Julie Chevalier, ‘Darger: His Girls’ in The Australian
Artists sketched in verse
Geoff Page reviews Julie Chevalier's Darger: His Girls in The Australian April 13, 2013
Both these books are fine examples of what the French call a livre compose, a collection of poems deliberately written around a single concern. Such books may lack variety but benefit from the collective impact of the poems and the more extended scope of their investigations.
Both these virtues are clear in Sydney poet and writer Julie Chevalier's Darger: His Girls, a book that focuses relentlessly on the life and work of the American “outside” or folk painter Henry Darger (1892-1973).
In her necessary introduction, Chevalier recalls how she first heard Darger's relatively obscure name respectfully bandied about at a poetry conference in 2008 as “an untrained artist, a social isolate who was obsessed by little girls”. She was soon hooked, however, on the controversy surrounding him and his art, and began her researches.
The result is a finely tuned collection of poems that, with extraordinary empathy, tries to understand a man who could reasonably be regarded as having been mentally ill for most of his life, yet who also held down a regular job as janitor and hospital attendant. Although the content of Darger's artwork and obsessive writings can be extremely violent, Chevalier points out that “he was never fired from jobs or forced to change accommodation for inappropriate behaviour”.
Darger's paintings and writings were discovered only when he moved out of his rented room into a Chicago poorhouse a few months before his death. He neither received nor sought any recognition for his work in his lifetime. A writer with psychological training, John M. MacGregor, was given access to the materials in Darger's vacated room and concluded that the artist had suffered from a variety of Asperger's syndrome and had been “a potential serial murderer”.
The dominant motive of Chevalier's book is to disprove McGregor's simplistic conclusions and, via her poems, enter the complexities of Darger's extraordinarily idiosyncratic, if not unique, mind. Darger's story would be an interesting one no matter how it was told, but Chevalier's use of poetry is an ideal way to approach it. The poems are arranged in four numbered sections with a coda and follow Darger's life chronologically.
Using monologues (mainly but not always from Darger's point of view), together with third-person accounts, occasional quotations from the artist's voluminous writings and some ironic rewriting of nursery rhymes, Chevalier manages to suggest the complexity of Darger's alarming obsessions and so undermine MacGregor's reductive diagnoses and surmises.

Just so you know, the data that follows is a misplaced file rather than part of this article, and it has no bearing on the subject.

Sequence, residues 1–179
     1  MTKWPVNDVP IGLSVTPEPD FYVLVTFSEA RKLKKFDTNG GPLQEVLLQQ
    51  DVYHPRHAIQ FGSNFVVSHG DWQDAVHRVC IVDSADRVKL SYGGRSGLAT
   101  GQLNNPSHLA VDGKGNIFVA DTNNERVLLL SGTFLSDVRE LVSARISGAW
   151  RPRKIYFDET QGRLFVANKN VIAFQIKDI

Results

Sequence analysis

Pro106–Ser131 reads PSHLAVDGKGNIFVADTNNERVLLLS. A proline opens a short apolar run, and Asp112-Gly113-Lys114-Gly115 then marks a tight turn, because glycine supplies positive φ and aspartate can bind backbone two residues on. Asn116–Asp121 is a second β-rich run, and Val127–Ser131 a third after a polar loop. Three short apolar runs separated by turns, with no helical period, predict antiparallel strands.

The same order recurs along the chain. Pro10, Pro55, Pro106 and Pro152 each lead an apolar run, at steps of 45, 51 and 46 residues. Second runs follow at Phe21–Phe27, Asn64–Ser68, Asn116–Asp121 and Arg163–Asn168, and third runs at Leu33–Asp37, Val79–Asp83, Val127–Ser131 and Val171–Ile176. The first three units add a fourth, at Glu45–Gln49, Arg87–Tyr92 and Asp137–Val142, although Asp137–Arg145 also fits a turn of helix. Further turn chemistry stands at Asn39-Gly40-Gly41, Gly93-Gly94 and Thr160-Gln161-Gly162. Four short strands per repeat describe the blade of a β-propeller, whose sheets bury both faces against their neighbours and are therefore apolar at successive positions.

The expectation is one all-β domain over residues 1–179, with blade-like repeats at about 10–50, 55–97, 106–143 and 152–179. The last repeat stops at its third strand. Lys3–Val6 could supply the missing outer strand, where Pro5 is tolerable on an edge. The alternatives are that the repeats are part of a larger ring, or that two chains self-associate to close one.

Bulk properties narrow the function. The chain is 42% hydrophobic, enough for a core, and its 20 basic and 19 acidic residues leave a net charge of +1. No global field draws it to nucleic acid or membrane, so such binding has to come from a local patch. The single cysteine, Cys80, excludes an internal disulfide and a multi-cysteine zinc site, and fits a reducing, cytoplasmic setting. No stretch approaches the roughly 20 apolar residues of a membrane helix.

A characteristic evocation of Darger's mental state can be seen in Shame, Chevalier's monologue for the painter following his unsuccessful experience in the US army: “sent home from the great war … need child of my own /a nest of warm newsprint fills a bony chair / snarled at by a fat fanged bulldog /sister depaul wearing shoes of slate /rabid barking at work all night in my head /check the weather reports / yes, wrong as predicted.” Darger's head is not a comfortable place to be in.
As poetry, Chevalier's account is more than adequate to the task, but it is the story the reader will tend to remember. Chevalier, who was born in the US, portrays the pain of Darger's childhood, with his mother dying when he was four, his baby sister being anonymously adopted out (and therefore unable to be traced), his suffering in the Lincoln Asylum for Feeble-Minded Children and his experience as an adolescent on a state farm. Darger was also a lifelong Catholic and in retirement would attend mass several times a day. His is not a simple story, even though much of it occurred in a single rented room.
As Chevalier's poems make clear, the reason all this matters is the quality of Darger's art and the genuine strangeness (and perhaps sheer volume) of his writings. There are fewer than 56 pages of verse in Darger: His Girls but they provide an insight into a life of extraordinary suffering – and achievement.
Read the full review in The Australian